10. 10.
    J.-Y. Girard. Linear logic. Theoretical Computer Science, (50):1–102, 1987.Google Scholar
  11. 11.
    IBM. Aglets. http://www.trl.ibm.co.jp/aglets.Google Scholar
  12. 12.
    Intel. Moondo. http://www.intel.com/iaweb/moondo/index.htm.Google Scholar
  13. 13.
    A. P. Kopylov. Decidability of linear affine logic. In Proceedings, Tenth Annual IEEE Symposium on Logic in Computer Science, pages 496–504, San Diego, California, 26–29 June 1995. IEEE Computer Society Press.Google Scholar
  14. 14.
    S. W. Locke, A. Davison, and S. L. Lightweight Deductive Databases for the World-Wide Web. In Tarau et al. [22]. http://clement.info.umoncton.ca/ lpnet.Google Scholar
  15. 15.
    S. W. Loke and A. Davison. Logic programming with the world-wide web. In Proceedings of the 7th ACM Conference on Hypertext, pages 235–245. ACM Press, 1996.Google Scholar
  16. 16.
    Sony. Cyber Passage. http://vs.sony.co.jp/VS-E/vstop.html.Google Scholar
  17. 17.
    P. Szeredi, K. Molnár, and R. Scott. Serving Multiple HTML Clients from a Prolog Application. In Tarau et al. [22]. http://clement.info.umoncton.ca/ lpnet.Google Scholar
  18. 18.
    P. Tarau. Logic Programming and Virtual Worlds. In Proceedings of INAP96, Tokyo, Nov. 1996. keynote address.Google Scholar
  19. 19.
    P. Tarau. BinProlog 5.40 User Guide. Technical Report 97-1, Département d'Informatique, Université de Moncton, Apr. 1997. Available from http://clement.info.umoncton.ca/BinProlog.Google Scholar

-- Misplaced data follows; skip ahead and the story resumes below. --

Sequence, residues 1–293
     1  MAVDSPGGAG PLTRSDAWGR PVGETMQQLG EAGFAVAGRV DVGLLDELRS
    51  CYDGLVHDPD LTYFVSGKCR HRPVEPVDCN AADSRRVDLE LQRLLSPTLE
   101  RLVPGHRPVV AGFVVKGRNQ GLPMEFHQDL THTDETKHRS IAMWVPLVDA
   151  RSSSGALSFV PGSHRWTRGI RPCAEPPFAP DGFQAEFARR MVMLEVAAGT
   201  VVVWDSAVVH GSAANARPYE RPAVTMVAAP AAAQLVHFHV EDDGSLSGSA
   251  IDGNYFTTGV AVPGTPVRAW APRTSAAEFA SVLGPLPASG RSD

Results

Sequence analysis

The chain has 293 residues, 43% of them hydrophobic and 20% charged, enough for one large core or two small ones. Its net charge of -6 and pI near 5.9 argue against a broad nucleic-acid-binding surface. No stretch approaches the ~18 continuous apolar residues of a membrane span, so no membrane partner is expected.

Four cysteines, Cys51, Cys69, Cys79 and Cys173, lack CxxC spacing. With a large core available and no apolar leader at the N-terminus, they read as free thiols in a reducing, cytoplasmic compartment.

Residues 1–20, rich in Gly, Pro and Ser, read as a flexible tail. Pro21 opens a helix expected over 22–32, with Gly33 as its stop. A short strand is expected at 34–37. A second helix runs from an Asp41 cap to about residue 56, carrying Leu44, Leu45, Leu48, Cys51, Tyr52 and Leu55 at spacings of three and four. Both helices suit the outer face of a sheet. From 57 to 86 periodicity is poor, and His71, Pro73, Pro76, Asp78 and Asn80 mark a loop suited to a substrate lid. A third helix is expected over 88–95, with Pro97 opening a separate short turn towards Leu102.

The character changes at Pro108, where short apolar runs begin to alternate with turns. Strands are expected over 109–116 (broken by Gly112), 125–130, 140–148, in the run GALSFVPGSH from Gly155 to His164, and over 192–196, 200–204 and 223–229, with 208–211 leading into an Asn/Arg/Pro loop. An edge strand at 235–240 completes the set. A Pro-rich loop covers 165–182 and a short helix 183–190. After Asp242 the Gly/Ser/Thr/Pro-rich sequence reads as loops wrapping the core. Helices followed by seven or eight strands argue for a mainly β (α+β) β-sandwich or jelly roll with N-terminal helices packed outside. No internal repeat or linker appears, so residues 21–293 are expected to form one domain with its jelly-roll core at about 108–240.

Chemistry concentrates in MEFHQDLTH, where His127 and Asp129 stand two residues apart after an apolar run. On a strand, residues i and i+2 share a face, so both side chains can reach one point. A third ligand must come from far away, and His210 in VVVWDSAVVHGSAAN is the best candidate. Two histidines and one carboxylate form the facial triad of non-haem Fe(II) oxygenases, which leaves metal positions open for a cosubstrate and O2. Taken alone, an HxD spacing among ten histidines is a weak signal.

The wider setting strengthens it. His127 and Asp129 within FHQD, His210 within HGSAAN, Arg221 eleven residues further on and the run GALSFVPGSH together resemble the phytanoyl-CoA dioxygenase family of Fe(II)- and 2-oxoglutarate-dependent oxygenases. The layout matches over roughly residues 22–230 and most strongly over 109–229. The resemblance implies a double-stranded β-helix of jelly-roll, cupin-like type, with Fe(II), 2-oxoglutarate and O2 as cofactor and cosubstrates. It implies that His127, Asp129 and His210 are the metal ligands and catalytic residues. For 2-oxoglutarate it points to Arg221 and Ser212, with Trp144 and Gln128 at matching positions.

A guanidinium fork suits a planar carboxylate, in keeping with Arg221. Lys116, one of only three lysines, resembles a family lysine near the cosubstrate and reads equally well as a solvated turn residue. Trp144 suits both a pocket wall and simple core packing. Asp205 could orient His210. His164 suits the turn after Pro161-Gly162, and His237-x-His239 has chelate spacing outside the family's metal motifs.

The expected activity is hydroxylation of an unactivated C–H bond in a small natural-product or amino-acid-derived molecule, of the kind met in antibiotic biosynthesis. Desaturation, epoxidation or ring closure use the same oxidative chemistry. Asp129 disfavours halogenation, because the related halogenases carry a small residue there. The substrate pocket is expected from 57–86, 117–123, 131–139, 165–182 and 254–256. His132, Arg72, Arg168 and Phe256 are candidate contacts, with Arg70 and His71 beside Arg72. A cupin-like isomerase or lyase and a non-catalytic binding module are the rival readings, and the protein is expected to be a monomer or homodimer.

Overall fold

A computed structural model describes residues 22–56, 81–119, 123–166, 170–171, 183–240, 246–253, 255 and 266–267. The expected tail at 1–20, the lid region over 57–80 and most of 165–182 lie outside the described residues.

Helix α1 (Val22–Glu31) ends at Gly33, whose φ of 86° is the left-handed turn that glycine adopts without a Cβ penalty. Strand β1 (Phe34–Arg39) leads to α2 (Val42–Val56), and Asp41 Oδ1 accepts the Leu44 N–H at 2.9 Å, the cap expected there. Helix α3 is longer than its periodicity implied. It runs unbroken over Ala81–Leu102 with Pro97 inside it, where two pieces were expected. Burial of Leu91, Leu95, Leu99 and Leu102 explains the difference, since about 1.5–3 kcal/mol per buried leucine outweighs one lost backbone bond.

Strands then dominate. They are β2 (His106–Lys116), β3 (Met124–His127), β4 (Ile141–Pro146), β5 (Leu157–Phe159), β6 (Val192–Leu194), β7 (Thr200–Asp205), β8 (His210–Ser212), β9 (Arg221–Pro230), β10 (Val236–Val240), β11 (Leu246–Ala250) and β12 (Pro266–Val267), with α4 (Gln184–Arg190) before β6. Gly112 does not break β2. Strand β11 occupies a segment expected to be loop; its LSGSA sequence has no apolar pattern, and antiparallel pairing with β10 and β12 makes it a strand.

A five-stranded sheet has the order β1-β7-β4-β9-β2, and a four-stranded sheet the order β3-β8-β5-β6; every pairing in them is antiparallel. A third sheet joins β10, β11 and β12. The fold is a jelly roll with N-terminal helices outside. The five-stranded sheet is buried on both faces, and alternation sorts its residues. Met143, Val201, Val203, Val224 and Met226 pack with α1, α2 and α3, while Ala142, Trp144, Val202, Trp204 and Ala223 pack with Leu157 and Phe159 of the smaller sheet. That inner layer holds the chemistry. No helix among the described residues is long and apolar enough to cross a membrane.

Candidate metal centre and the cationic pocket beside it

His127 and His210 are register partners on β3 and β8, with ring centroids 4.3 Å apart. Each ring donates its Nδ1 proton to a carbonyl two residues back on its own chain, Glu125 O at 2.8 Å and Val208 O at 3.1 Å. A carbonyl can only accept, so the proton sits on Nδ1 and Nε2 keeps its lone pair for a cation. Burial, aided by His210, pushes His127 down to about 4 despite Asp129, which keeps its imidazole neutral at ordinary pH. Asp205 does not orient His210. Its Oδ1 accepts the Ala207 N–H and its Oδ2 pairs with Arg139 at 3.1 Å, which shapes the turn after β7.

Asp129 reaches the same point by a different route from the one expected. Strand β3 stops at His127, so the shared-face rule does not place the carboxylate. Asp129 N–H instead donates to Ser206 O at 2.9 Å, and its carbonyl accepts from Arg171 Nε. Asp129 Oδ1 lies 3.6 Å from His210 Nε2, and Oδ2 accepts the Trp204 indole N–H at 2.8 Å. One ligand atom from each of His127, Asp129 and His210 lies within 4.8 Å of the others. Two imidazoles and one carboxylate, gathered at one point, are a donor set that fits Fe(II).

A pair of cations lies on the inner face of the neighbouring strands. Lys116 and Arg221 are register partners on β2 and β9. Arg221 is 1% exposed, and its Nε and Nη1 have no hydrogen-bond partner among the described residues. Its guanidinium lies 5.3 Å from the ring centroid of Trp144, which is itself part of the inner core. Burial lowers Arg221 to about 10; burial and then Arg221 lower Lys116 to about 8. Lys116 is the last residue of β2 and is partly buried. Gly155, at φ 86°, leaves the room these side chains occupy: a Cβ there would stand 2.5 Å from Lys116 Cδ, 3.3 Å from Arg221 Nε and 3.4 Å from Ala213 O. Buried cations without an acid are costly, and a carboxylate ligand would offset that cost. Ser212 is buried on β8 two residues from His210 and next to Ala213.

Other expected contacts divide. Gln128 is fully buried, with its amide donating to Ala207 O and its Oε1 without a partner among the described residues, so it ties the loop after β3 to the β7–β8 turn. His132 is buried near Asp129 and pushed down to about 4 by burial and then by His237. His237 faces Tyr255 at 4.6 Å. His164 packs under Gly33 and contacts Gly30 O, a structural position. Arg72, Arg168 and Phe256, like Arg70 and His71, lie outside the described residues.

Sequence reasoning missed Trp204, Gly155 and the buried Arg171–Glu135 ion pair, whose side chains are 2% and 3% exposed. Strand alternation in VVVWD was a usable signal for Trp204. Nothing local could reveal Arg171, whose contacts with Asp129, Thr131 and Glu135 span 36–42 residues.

20. 20.
    P. Tarau and V. Dahl. Logic Programming and Logic Grammars with First-order Continuations. In Proceedings of LOPSTR'94, Pisa, June 1994.Google Scholar
  21. 21.
    P. Tarau, V. Dahl, and A. Fall. Backtrackable State with Linear Affine Implication and Assumption Grammars. In J. Jaffar and R. H. Yap, editors, Concurrency and Parallelism, Programming, Networking, and Security, Lecture Notes in Computer Science 1179, pages 53–64, Singapore, Dec. 1996. Springer.Google Scholar
  22. 22.
    P. Tarau, A. Davison, K. De Bosschere, and M. Hermenegildo, editors. Proceedings of the 1st Workshop on Logic Programming Tools for INTERNET Applications, JICSLP'96, Bonn, Sept. 1996. http://clement.info.umoncton.ca/ lpnet.Google Scholar
  23. 23.
    P. Tarau and K. De Bosschere. Virtual World Brokerage with BinProlog and Netscape. In Tarau et al. [22]. http://clement.info.umoncton.ca/ lpnet.Google Scholar
  24. 24.
    Worlds. AlphaWorld. http://www.worlds.net/products/alphaworld.Google Scholar

Copyright information

© Springer-Verlag Berlin Heidelberg 1998

Authors and Affiliations

  • Paul Tarau
    • 1
  • Veronica Dahl
    • 2
  • Koen De Bosschere
    • 3
  1. 1.Département d'InformatiqueUniversité de MonctonMonctonCanada
  2. 2.Logic and Functional Programming Group Department of Computing SciencesSimon Fraser UniversityBurnabyCanada
  3. 3.Vakgroep Elektronica en InformatiesystemenUniversiteit GentGentBelgium

Personalised recommendations